The village of Ravenholm in Half-Life 2 is likewise "uncanny" because of a similar combination of what we recognize and what we don't. It can be described as a collection of haunted houses, recalling both the Camp of carnivals and Disney rides and Freud's observation that "some languages . . . can only render the German expression `an unheimlich house' by `a haunted house.'" Delving into the etymology of the subject, Freud demonstrates that although "the German word `unheimlich' [uncanny] is obviously the opposite of `heimlich' (`homely'), `heimisch' (`native') the opposite of what is familiar," we must resist the temptation to merely conclude that "what is `uncanny' is frightening precisely because it is not known and familiar." The uncanny exists somewhere in the middle, and is something both foreign and familiar-- for instance, the Pale Man's humanoid figure combined with unnaturally saggy skin and optical palms.

And yet Mori's Uncanny Valley theory, in light of Freud's theories and some of the game's other monsters, seems to be missing something. There seems to be a reverse-Uncanny Valley, one that would appear on the far left side of the graph in Figure 1, which describes almost completely non-human beings with just one or two human-like features. A creature with only a few subtle differences from humanity creates a sense of unease, but a creature with only a few subtle similarities to humans elicits comparable discomfort. Valve, by exploiting this property, seems to have uncovered a new way to induce unease. GLaDOS is simply a disembodied voice: there's no latex skin or fiberglass eyeballs--indeed, you hardly see her at all. And yet, her omnipresent voice, feminine yet robotic through-and-through, has that lifelike music to it. When you finally see her mainframe, the twisted setup of metal and wires is eerily similar to the silhouette of a woman, bound and gagged. And in Portal 2, we discover that GLaDOS was constructed based on a now-dead person--that she's a zombie for the digital age. She still doesn't resemble a human, but she does have tiny unsettling similarities. In the same vein, one Half-Life monster is the barnacle, a sea anemone-like creature with a long, stringy tongue, trapping and eating its prey. When a barnacle is killed, it retches up the partially digested food: first a jawbone, then a skull, and then

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a hunk of meat which we know must be human from the preceding bits but cannot connect to a living being at all. This loaf of human inspires a sort of comic repulsion4 because of how little it reminds us of the former being. It's the tiny similarities that scare us, as well as the tiny differences.

Which isn't to say that only monsters can be uncanny--the settings in both games are dystopian. Valve shows admirable restraint in dealing with post-apocalypta, like Cormac McCarthy exhibits in The Road: there's nothing sexy about the end of the world. Everything is kept alarmingly simple. Houses. Simple houses, a frequent location in both works, provide another sense of the uncanny, a perversion of the familiar more effective than if the action took place in an airport or supermall. While playing Half-Life 2 as Freeman, looking for supplies, I stumbled across a house in the middle of nowhere. I can't remember what I found: a medical kit, perhaps, shotgun shells, or nothing. What I do remember is the body, a shriveled corpse rigidly placed on a bed as stripped down as the body on top of it, and its stark contrast with the wallpaper. There was something distinctly homey about the baby blue wallpaper with the tiny red flower pattern running vertically down it, an artifact of the world that was, like the can of Coca-Cola in The Road, eerily familiar and quotidian. These objects, integrally associated with a mundane existence but surrounded by post-apocalyptic destruction, by dust and blood and debris, generate a sense of the uncanny--these homey things have become both foreign and familiar.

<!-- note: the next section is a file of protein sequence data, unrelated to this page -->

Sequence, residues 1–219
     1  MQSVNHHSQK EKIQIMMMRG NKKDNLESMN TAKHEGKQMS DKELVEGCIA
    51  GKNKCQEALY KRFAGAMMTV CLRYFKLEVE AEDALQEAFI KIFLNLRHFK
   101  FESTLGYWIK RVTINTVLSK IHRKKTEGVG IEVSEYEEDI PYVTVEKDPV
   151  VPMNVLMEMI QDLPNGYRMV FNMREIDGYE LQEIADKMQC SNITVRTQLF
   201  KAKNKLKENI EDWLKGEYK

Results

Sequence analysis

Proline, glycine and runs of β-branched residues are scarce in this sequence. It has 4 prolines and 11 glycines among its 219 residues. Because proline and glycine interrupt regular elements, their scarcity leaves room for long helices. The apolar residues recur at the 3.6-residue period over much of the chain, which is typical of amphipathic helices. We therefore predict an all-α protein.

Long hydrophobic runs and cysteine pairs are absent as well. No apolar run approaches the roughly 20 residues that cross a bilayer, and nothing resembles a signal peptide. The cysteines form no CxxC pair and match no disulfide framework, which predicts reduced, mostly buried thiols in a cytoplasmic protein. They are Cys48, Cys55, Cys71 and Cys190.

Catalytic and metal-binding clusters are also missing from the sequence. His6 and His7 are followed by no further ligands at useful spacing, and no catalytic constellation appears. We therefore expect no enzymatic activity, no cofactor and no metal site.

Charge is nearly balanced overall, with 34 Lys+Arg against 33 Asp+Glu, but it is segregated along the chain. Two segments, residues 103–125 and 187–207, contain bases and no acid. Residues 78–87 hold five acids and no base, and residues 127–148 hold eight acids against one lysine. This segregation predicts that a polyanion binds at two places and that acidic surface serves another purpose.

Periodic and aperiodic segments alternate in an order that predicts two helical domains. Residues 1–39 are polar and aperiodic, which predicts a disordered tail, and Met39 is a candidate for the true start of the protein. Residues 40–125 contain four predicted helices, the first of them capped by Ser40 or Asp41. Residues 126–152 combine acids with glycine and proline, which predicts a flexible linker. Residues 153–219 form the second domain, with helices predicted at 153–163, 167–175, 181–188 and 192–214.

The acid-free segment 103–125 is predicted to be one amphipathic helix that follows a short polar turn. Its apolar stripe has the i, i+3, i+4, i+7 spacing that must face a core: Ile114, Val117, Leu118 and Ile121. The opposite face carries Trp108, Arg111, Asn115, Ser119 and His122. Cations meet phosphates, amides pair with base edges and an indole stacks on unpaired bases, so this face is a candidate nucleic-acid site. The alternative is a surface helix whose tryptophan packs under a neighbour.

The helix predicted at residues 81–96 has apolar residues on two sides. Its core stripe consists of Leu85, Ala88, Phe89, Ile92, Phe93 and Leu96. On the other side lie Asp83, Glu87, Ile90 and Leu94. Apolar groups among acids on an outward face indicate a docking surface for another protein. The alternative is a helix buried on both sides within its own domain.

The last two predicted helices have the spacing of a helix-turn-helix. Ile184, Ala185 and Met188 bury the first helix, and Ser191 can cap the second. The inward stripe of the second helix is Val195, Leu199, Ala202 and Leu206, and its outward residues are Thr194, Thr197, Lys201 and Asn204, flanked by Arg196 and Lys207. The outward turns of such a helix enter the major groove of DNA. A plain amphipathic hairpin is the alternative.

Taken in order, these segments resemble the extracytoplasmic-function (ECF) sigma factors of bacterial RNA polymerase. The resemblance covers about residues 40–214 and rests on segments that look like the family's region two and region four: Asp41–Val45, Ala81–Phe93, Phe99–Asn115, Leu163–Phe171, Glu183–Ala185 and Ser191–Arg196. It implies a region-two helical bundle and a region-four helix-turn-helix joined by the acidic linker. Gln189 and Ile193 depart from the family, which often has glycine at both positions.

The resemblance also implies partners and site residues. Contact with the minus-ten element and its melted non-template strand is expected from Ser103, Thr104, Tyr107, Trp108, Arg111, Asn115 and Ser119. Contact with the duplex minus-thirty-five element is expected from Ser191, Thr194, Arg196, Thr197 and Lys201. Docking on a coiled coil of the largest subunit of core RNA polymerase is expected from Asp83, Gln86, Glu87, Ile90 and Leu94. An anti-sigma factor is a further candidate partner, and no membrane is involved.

Dystopia itself becomes a wide-scale version of the uncanny, where things previously part of the known universe have changed ever so slightly and turned alien in our own world. Both games' dystopias have the same premise: scientists overstep their bounds, the unforeseen consequences of which have fatal ramifications. ("Unforeseen consequences" is both the name of a chapter in Half-Life and an oft-repeated phrase in Episode Two). The basic premise is reminiscent of Mary Shelley's Frankenstein, or, The Modern Prometheus. A scientist or scientists build something they cannot contain, and their creation gives way to destruction. In fact, in all cases, a foreign life is introduced: the Frankenstein monster, Half-Life's creatures of the alternate

4 Usually manifested as a half-groan, half-laugh, possibly followed by an expletive. A similar device is used to this effect in Breaking Bad, when a partially dissolved gangster falls through the ceiling due to a mishandling of hydrochloric acid. We can recognize the bone fragments, but the lump of meat that goes splat on the ground evokes an anatomical curiosity: what part of the body is that? The stomach? It would make the most sense, except the stomach is supposed to have space in it, right? The upper torso, maybe, except the upper torso wouldn't look that homogenous. We don't know what part of the body it is, and so the only link to humans is cerebral, not visual.